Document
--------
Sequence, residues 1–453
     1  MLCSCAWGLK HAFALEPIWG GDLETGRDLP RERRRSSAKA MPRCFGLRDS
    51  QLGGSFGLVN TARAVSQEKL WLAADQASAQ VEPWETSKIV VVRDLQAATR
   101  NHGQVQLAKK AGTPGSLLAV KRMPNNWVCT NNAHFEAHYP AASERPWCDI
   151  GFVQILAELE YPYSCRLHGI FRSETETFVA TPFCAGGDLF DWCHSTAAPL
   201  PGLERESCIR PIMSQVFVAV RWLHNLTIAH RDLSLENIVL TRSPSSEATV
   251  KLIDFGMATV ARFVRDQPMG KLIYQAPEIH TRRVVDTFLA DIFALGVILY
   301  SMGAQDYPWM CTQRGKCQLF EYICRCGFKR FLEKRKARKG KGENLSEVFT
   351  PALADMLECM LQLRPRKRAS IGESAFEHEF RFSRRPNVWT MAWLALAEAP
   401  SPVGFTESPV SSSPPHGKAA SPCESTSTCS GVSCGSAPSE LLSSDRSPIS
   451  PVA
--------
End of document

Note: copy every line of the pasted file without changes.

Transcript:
Sequence, residues 1–453
     1  MLCSCAWGLK HAFALEPIWG GDLETGRDLP RERRRSSAKA MPRCFGLRDS
    51  QLGGSFGLVN TARAVSQEKL WLAADQASAQ VEPWETSKIV VVRDLQAATR
   101  NHGQVQLAKK AGTPGSLLAV KRMPNNWVCT NNAHFEAHYP AASERPWCDI
   151  GFVQILAELE YPYSCRLHGI FRSETETFVA TPFCAGGDLF DWCHSTAAPL
   201  PGLERESCIR PIMSQVFVAV RWLHNLTIAH RDLSLENIVL TRSPSSEATV
   251  KLIDFGMATV ARFVRDQPMG KLIYQAPEIH TRRVVDTFLA DIFALGVILY
   301  SMGAQDYPWM CTQRGKCQLF EYICRCGFKR FLEKRKARKG KGENLSEVFT
   351  PALADMLECM LQLRPRKRAS IGESAFEHEF RFSRRPNVWT MAWLALAEAP
   401  SPVGFTESPV SSSPPHGKAA SPCESTSTCS GVSCGSAPSE LLSSDRSPIS
   451  PVA